The theaters below show films in their original language; click on the links for showtimes and ticket information.
Interviews with the stars, general film articles, and reports on press conferences and film festivals.
Subscribe to the free KinoCritics monthly email newsletter here.

Happy Birthday Filmfest Hamburg
by Becky Tan

Time to celebrate 20 years of Filmfest Hamburg! In 1992, the festival was a shadow of its present self: five days, 15,000 people, but DM 850,000 to finance it. The next year this sum was reduced to DM 650,000; participants could not agree and the manager stepped down, resulting in no festival in 1993. In 1994 the red carpet was in front of Streit’s cinema with the festival office across the street in the Alsterpavillon. This time the manager was fired without notice and the future looked black.

Luckily, the new boss, Josef Wutz, got the festival back on its feet and in 1995 there were 100 films in eight cinemas. The same year he originated the Douglas Sirk prize to be given to an international film person in recognition of his oeuvre, who still promises excellent work in the future.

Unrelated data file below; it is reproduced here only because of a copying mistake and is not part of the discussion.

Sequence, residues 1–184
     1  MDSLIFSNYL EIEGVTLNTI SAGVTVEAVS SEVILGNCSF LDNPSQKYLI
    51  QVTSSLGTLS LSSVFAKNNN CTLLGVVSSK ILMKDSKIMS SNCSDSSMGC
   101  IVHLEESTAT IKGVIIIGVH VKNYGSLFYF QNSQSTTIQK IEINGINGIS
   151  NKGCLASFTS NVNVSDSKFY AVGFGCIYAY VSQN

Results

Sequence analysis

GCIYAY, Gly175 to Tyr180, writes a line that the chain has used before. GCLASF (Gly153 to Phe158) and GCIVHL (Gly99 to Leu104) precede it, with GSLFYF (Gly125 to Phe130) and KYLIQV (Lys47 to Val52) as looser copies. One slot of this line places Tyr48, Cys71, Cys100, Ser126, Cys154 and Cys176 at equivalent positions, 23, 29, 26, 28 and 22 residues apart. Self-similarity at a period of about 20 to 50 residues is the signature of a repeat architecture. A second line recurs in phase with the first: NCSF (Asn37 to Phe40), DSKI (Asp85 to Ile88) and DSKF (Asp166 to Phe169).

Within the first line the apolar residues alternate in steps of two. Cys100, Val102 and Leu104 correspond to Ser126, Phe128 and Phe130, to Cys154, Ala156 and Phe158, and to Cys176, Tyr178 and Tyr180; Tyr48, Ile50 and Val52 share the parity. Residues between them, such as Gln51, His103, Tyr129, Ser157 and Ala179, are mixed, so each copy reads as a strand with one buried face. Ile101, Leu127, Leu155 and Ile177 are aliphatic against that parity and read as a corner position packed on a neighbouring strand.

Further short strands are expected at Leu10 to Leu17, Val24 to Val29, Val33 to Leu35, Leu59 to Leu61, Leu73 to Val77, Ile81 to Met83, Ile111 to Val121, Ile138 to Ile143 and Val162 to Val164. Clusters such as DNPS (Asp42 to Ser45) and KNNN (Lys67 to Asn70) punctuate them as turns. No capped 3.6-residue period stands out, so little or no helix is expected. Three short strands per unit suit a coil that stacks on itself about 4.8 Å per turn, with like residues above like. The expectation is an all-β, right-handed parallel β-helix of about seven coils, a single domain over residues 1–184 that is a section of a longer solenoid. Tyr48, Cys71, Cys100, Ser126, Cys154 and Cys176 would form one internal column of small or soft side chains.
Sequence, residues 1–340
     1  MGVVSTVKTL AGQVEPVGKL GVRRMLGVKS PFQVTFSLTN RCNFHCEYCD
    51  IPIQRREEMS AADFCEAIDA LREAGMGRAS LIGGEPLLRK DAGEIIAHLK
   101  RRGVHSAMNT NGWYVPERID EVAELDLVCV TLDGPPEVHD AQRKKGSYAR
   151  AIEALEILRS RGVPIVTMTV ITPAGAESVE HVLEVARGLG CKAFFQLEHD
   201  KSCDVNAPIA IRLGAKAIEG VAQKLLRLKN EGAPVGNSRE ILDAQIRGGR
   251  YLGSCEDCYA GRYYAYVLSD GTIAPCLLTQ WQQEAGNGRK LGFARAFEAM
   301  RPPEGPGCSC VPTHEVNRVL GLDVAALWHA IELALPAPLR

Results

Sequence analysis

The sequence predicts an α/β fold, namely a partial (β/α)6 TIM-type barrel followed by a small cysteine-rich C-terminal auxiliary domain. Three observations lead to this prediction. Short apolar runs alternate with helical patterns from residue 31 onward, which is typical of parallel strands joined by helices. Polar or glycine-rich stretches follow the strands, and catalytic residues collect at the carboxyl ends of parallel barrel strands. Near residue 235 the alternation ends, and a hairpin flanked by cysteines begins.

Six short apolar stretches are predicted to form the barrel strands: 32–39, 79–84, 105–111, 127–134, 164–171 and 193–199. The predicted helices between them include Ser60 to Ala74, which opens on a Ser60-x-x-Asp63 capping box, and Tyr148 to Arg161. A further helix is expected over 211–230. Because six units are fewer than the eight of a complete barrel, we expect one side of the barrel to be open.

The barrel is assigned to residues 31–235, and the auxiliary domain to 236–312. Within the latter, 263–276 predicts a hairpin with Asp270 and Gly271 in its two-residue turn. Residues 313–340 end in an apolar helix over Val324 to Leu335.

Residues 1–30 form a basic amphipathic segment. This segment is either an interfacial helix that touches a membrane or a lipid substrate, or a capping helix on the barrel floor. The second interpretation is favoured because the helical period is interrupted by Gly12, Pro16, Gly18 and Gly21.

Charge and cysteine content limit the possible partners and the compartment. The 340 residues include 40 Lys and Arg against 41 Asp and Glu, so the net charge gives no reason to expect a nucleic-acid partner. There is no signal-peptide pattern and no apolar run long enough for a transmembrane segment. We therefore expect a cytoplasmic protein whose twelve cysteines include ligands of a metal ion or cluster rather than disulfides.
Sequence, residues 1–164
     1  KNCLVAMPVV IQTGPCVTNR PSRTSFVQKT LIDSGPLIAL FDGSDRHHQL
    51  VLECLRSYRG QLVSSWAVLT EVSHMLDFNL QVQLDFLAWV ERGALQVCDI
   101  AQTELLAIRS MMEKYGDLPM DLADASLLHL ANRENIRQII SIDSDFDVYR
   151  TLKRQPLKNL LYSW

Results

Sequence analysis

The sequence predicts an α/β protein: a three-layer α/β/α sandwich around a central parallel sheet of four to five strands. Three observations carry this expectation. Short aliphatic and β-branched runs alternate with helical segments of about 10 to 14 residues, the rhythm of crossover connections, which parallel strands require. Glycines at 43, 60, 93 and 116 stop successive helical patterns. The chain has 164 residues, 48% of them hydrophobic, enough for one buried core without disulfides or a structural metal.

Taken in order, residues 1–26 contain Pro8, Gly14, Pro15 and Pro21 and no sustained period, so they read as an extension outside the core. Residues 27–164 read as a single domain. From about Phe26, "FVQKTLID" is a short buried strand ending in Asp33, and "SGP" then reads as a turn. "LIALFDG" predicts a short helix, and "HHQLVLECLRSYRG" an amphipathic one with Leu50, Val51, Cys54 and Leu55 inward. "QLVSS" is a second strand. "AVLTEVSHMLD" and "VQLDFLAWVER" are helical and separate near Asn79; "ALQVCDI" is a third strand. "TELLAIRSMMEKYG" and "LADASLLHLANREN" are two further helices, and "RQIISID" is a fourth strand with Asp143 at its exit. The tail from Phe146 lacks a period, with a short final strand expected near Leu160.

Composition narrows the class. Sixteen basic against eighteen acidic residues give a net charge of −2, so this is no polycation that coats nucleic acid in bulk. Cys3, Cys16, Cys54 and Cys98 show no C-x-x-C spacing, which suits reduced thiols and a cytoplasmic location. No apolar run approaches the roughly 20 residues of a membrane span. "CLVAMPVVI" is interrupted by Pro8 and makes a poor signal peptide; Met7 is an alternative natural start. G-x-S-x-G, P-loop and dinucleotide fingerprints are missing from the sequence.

A year later ticket sales doubled to 10,000, and in 1996 rose to 30,000 tickets sold. The festival seemed to be on its way but then there was a slump in 1997, and in 1998 a sponsor quit. Still they showed 62 films.

After 10 years Herr Wutz stepped down. Alfred Wiederspiel became the new head responsible for the 2003 Filmfest Hamburg. Since then Wiederspiel has raised attendance and number of films shown; he has added different categories such as eurovisuell, environmental, music, TV, and northern Germany. He started the Michel children’s festival. Now he has renewed his contract until 2018.

To qualify, films must have never shown in Germany before; they are most often so-called international “art” movies, as opposed to the usual U.S. block busters. This provides opportunities for new directors to get a foothold in the business, as well as to provide a platform for the northern German film industry. There are nine prizes. Today the festival works with Euro 650,000 from the city of Hamburg, as well as donations from sponsors and donors totalling over one million Euros. It is the biggest, most successful German film festival after Berlin and Munich. Big-name stars are not culled for the occasion, but still they come: Sophia Loren, the cast from The Help, Hildegard Knef, Emir Kusturica, Cate Blanchett, Morgan Freeman, Christoph Waltz, etc.

Learn more in the special festival anniversary book Filmfest Hamburg produced by Michael Töteberg with the help of Fabian Kykillus and Ulrich Ortlieb. Available at bookstores for Euro 19,90.